-  St. Kieran, Bishop, 530.  A hermit in the Irish countryside where he was joined by others. Led to a monastery at what ia now Saighir. Every Christmass Eve after Mindnight Mass at the moanstery he would travel to the distant convent of abbess Cuach where he celebrated Mass once again. Cuach had cared for him as a child.
6th    -  St. Colette, Religious & Reformer, 1447. After dreams & visions believed she was called to restore the Rule of Francis & Clare. She established many convents in France, Flanders & Savoy, of which the most famous is  that of Le Puy. Like Francis she had a deep devotion to Christ's Passion.
        -  St. Ollegarius, Bishop, 1137. A Spaniard who became prior of the French monastery of St. Adrian. In 1135 he reluctantly accepted the see of Barcelona, followed by appointment as bishop of Tarragona where he cared expdcially for the poor and mentally ill. Obtained from the Pope the same privileges for knights who fought against the Moors as the Crusaders were given.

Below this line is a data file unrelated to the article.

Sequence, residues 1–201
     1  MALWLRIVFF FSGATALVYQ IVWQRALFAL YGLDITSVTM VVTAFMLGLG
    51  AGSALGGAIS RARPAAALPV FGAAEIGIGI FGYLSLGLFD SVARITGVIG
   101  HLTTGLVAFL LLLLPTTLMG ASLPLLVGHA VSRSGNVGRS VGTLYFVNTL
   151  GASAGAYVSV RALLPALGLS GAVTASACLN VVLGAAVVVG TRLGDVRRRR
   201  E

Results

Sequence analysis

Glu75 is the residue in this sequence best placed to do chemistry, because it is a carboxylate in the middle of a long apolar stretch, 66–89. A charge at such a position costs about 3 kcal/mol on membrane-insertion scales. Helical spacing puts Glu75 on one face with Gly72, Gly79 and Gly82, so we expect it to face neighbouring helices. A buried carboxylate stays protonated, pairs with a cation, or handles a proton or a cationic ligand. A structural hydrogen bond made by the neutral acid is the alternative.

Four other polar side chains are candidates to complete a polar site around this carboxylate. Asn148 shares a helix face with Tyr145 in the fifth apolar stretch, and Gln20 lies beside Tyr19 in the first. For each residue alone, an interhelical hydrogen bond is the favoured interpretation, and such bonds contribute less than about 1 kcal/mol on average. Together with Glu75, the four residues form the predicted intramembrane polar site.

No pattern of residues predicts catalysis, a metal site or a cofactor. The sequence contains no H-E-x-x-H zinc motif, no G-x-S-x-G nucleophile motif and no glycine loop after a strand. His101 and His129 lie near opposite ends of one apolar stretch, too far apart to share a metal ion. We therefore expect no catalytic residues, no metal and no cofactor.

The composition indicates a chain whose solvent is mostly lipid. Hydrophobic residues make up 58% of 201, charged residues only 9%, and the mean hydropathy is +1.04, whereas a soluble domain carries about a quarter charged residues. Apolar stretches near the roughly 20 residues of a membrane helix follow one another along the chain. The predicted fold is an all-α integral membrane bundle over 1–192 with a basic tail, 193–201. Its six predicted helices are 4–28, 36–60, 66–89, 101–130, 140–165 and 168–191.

-  SS. Cyneburga, Cyneswide & Tibba, Virgins, 7thC. The first two were Christian daughters of the pagan king of Mercia, Penda. Cyneburga although married to a Northumbrian prince lived a celibate life with him, who allowed her to enter a convent in Castor. Her sister was able to extract herself from her betrothal and lived withher sister in the convent. Tibba, a relative, lived nearby as an hermitess.
         -  St. Cadroe, Abbot, 976. Returned to his native Scotland, after studying inIreland. Embarked on a pilgrimage to England and Wales. Whilst in London, by his prayers obtained a miraculous extinguishing of a fire that threatened this city. Later migrated to France where he was abbot of monasteries of Waulsort and Metz.